Voodoo Queens: The Sirens of City Park

00:00 October 09, 2012
By: Kristal Blue

This year's fest boasts a number of musically-inclined Voodoo queens who have stepped in to add a little flavor and magic to a traditionally male-dominated lineup.

Local ladies include Irma Thomas, Ingrid Lucia, Marcia Ball, DJ Beverly Skillz, Nora Patterson of Royal Teeth, Amanda Wuerstlin and Meg Roussel of Big History, St. Cecilia's Asylum Chorus and the Fleur de Tease burlesque dancers. They'll support a few lady-led national acts: Die Antwoord, The Vettes, Silversun Pickups, Sister Sparrow & the Dirty Birds, Stephia & the White Sox and Nervo, among other possible late additions.

While these femmes festivales will take center stage in City Park this year, there are other Voodoo queens who will be celebrating as well. They will continue the rich historical traditions of the Vodou religion, some of which centered on the banks of Bayou St. John, just a stone's thrown from the festival grounds.

History has it that one of the earliest Vodou queens—a religion based in matriarchal lineage—was Sanité Dede. Dede, a free woman of color, reigned at the time of the Louisiana Purchase in the late 18th and early 19th century.

A food peddler, she sold her wares near the St. Louis Cathedral and in Place d'Armes. She performed her Vodou services a few blocks away in her courtyard at Dumaine and Chartres—including distinct drumming rituals that could be heard even during the Cathedral's masses.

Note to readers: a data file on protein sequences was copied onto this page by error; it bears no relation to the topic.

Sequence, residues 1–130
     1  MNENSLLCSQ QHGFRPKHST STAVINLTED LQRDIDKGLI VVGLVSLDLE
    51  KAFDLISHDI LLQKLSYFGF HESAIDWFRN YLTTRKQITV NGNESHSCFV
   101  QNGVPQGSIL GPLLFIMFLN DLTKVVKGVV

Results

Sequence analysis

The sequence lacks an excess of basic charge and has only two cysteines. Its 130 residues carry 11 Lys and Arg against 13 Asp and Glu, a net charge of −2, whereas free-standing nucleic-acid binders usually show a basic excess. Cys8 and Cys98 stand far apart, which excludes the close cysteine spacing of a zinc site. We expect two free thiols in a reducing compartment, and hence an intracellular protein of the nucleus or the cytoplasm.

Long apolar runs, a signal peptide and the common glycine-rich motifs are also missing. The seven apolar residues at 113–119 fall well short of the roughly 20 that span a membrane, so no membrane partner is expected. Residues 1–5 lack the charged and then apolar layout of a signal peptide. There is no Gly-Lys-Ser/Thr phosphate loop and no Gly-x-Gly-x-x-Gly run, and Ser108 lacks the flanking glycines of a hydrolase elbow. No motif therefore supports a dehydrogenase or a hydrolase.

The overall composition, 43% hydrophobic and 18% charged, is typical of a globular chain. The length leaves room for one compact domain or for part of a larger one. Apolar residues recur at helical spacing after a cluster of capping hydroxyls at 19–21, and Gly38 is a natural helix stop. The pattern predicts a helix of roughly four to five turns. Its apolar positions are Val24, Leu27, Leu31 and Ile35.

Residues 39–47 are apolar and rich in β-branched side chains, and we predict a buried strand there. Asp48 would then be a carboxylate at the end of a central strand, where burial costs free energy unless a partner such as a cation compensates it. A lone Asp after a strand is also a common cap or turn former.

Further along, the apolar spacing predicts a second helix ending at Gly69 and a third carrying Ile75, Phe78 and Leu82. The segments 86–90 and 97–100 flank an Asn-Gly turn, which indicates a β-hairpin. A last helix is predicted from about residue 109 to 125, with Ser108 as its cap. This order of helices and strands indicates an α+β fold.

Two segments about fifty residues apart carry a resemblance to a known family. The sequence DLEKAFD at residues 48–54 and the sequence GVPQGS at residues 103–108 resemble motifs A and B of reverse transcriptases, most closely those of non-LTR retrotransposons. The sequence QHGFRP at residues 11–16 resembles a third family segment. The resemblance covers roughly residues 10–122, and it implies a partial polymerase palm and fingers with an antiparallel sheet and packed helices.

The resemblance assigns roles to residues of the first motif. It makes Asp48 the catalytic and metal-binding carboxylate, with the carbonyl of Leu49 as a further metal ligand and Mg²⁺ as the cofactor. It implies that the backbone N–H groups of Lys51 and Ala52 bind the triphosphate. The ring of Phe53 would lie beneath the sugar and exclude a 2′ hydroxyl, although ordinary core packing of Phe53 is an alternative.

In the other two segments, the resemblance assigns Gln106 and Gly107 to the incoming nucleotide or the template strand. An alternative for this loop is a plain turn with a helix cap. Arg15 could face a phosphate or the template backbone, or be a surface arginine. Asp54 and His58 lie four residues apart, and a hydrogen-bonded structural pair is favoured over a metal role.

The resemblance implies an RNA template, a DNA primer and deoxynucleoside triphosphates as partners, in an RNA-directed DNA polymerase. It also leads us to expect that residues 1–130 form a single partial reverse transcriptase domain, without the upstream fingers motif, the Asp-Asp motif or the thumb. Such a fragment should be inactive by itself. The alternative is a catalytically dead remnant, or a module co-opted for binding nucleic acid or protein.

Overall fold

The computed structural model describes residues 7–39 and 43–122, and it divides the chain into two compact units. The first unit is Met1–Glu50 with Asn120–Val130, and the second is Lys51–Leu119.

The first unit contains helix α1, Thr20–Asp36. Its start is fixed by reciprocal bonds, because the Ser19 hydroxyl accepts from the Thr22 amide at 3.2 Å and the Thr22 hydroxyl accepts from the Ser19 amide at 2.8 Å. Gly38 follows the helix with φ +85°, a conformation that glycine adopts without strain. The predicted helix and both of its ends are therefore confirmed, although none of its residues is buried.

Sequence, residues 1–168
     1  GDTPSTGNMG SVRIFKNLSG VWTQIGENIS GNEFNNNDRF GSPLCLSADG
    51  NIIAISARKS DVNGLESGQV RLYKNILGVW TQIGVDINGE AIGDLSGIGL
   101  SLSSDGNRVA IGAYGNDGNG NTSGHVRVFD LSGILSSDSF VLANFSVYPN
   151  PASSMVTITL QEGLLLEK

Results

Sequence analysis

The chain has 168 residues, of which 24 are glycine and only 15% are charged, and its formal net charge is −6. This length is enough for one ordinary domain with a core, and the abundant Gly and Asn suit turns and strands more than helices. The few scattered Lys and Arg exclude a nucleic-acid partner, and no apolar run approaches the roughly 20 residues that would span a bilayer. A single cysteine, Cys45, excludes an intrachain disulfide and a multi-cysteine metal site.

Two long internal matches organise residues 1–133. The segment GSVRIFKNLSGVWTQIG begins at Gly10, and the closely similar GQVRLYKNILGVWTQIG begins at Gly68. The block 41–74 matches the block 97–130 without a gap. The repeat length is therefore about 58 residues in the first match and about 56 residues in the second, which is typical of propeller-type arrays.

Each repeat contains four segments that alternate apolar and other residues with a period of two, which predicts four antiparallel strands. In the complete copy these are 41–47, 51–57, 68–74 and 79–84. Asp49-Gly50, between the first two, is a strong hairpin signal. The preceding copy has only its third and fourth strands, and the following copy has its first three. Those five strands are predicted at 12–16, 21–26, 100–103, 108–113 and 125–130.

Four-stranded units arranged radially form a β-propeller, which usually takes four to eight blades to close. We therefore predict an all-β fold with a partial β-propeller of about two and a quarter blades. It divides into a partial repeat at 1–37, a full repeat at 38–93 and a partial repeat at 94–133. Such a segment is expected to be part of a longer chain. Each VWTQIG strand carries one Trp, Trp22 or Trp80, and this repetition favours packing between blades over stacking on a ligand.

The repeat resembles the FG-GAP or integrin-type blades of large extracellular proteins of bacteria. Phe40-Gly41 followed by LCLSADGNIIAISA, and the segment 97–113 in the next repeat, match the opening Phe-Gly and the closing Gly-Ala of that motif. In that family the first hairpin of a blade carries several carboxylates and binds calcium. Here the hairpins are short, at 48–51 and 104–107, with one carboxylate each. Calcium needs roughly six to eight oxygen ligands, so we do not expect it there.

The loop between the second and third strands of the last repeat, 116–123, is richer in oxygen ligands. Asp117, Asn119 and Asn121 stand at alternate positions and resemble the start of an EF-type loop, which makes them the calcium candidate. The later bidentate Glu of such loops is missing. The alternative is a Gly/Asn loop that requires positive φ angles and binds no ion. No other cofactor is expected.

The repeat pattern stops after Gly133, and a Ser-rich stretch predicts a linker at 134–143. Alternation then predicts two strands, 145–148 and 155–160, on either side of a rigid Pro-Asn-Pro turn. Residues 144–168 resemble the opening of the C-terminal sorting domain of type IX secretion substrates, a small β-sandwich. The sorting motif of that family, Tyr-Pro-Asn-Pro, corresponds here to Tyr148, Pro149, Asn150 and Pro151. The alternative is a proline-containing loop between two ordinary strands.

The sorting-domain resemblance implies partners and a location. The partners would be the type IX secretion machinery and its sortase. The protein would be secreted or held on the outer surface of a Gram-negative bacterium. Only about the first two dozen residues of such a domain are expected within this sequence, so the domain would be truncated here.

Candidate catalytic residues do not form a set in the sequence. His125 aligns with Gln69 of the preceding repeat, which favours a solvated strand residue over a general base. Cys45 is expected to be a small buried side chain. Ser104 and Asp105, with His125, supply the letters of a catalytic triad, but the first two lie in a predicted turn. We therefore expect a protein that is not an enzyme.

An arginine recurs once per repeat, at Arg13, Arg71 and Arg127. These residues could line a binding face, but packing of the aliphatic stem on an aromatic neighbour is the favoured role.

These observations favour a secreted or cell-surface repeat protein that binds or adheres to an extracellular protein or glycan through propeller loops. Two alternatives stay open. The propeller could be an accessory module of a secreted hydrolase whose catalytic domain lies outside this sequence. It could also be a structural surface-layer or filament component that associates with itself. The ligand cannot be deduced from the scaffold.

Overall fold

Dede is said to be a Vodou teacher of Marie Laveau, who would eventually surpass her mentor to become the most influential and well-known New Orleans Vodou queen.

Raised a devout Catholic, Laveau contributed to the merging of Vodou and Catholic practices, such as using candles and holy water in rituals and noting similarities between the Vodou loas and the Catholic saints.

[Courtesy of Jonathan Bachman]

She was feared by many, and considered by many others to be a great humanitarian. Besides studying the herbs and secret rituals of the Vodou religion, Laveau also administered care to the sick during the yellow fever epidemics and to prisoners on death row.

She bore three daughters, one of whom was also named Marie. This daughter was said to have been possessed by her mother's spirit during Vodou rituals, which helped to foster the rumor that Marie Laveau was still living and practicing Vodou long after her death.

Laveau's spirit still lives on today, and her grave at St. Louis cemetery #1 is still a popular Vodou visitation site. She is called on regularly by the currently reigning Queen Bianca as well as Mambo Sallie Ann Glassman and La Source Ancienne Ounfo, a private Vodou community that exists within Mambo Sallie Ann's home. They have performed weekly ceremonies since 1980.

Mambos, or female high priests, lead many of these ritualistic traditions still today:

• Hurricane Protection Ritual (July)

• Blessing of the Mississippi River (May)

• Crime Protection Ritual (held once a year, or more if needed)

• Blessing of the Mardi Gras (midnight of Lundi Gras)

• Voodoo Wedding Ceremonies

Two of these rituals, held just after Voodoo Fest croons its last tune, coincide with the Catholic observance of All Souls and All Saints Days, or Halloween.